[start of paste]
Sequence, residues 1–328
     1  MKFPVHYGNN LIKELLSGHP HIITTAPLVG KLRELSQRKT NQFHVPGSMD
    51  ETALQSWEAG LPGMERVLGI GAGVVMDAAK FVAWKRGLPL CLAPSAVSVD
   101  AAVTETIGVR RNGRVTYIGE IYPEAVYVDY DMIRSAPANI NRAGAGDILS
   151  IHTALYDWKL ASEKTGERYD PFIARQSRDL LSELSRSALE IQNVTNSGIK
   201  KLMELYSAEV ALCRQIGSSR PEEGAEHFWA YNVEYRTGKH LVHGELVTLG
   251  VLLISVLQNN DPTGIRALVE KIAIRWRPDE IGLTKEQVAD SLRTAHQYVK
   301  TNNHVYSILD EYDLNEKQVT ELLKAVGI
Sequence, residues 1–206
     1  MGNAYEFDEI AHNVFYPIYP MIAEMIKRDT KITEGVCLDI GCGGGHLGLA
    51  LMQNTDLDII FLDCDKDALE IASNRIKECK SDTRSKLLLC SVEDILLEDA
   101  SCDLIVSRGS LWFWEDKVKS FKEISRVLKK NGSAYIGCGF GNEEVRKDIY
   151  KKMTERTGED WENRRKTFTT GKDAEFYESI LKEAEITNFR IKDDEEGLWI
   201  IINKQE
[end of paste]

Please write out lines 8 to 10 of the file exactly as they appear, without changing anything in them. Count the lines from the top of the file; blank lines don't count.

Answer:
   301  TNNHVYSILD EYDLNEKQVT ELLKAVGI
Sequence, residues 1–206
     1  MGNAYEFDEI AHNVFYPIYP MIAEMIKRDT KITEGVCLDI GCGGGHLGLA